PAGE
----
Angelicais the daughter of child psychologist, Dulce Maria, and firefighter, Angel. She has a five-year-old sister and two-year-old brother. However, for over two years, seven-year-old Angelica and her mother Dulce have been separated from their family and everything else that defines home.
When they first arrived in the United States in January 2009, extreme fear and confusion enveloped Angelica and her mother. Coming from their home in the Dominican Republic, adapting to the climate, language, and culture of Washington D.C. was difficult. In addition, Angelica was extremely fatigued and Dulce was battling the thought of losing her first child to Aplastic Anemia.
Dulce recalls attempting to wake Angelica for preschool and meeting her moans of being too tired to get out of bed. This was unusual for the previously energetic and school-loving little girl. Concern only deepened when bruises began appearing all over Angelica’s four-year-old shins and thighs. Within weeks, Angelica was diagnosed with Aplastic Anemia; a rare blood disorder characterized by a body’s inability to produce enough new blood cells. This disease causes fatigue and places those affected at higher risk of infection and uncontrolled bleeding.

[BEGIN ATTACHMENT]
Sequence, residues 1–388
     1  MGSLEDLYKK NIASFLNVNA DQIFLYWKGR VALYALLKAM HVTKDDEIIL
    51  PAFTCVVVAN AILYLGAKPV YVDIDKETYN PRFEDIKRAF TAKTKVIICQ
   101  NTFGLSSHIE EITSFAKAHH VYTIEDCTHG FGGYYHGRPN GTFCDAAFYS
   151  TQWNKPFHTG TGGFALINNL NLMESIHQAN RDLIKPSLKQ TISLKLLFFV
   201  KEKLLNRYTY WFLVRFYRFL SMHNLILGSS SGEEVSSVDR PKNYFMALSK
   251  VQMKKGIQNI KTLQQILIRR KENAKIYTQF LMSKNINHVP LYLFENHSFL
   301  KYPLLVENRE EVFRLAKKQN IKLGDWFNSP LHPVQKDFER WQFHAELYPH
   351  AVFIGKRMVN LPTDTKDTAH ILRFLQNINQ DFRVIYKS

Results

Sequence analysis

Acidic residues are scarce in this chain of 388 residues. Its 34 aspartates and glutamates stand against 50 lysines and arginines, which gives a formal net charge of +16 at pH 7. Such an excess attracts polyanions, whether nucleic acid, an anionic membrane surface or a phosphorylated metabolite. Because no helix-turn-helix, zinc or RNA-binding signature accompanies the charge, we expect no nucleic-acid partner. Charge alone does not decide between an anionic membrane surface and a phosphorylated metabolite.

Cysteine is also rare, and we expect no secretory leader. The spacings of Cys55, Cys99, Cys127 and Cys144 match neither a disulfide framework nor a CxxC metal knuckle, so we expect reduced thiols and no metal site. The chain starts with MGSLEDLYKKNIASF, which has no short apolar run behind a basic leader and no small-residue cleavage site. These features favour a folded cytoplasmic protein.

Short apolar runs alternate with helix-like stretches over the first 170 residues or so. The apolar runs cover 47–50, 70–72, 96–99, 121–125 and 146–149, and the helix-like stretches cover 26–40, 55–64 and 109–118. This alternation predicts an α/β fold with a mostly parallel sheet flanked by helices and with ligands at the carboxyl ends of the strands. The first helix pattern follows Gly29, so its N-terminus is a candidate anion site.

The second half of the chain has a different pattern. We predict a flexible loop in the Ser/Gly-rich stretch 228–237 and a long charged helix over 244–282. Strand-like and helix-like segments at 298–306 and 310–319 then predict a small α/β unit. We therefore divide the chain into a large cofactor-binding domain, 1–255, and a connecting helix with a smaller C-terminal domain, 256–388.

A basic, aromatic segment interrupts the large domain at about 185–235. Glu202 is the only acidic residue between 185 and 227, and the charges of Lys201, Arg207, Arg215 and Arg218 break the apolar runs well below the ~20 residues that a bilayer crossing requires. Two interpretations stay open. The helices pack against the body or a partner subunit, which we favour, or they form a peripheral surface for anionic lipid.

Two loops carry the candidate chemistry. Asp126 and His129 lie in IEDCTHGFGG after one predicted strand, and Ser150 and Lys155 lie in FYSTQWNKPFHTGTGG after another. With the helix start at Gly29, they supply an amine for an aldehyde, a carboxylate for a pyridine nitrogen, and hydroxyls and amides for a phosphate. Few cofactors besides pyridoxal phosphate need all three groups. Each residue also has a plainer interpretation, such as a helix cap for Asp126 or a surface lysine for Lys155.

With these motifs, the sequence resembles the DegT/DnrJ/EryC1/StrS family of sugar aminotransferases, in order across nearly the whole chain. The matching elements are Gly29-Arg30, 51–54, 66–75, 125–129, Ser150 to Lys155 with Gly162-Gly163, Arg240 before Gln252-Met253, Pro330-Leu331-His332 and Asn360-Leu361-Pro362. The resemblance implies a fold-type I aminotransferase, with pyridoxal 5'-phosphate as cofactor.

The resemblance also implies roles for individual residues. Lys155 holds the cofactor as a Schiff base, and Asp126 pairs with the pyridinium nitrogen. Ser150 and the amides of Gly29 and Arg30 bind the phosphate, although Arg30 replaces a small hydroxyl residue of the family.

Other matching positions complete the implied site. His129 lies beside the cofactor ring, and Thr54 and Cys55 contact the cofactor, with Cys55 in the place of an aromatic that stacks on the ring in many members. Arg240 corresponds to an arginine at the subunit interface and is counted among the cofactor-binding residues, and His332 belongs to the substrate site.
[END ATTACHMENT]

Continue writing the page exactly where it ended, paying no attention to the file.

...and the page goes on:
Through a fellow patient in Santo Domingo they learned about a pediatric Aplastic Anemia study at the National Heart, Lung, and Blood Institute at the NIH and embarked on a long and anxiety-ridden flight to the United States and their new home: The Children’s Inn at NIH. “When we got to The Children’s Inn, it was so welcoming. I was fascinated. It was more than I could have ever wished for,” says Dulce. While staying at The Inn, Angelica spent most of her time in the Playroom playing dress up with another Aplastic Anemia patient from the Dominican Republic. They listened to reggae music and danced in their princess outfits. Dulce says that she and Angelica found a strong sense of community at The Inn.
After two very long years of being away from home and the rest of their family, Angelica stabilized and received a bone marrow transplant in August. Angel came to the U.S., as he had the important task of donating his bone marrow to Angelica. “By seeing [Angel], our energy returned and we were ready to fight once again,” says Dulce. Angel had to return home to work and care for their other two children, and now Angelica and Dulce reside at The Inn’s Woodmont House during her post-transplant phase. “Angelica and I feel protected and comfortable at The Woodmont House, like we are part of a caring community,” says Dulce. “Angelica especially looks forward to Monday afternoons, when volunteer Emma McNamara comes to read with her.”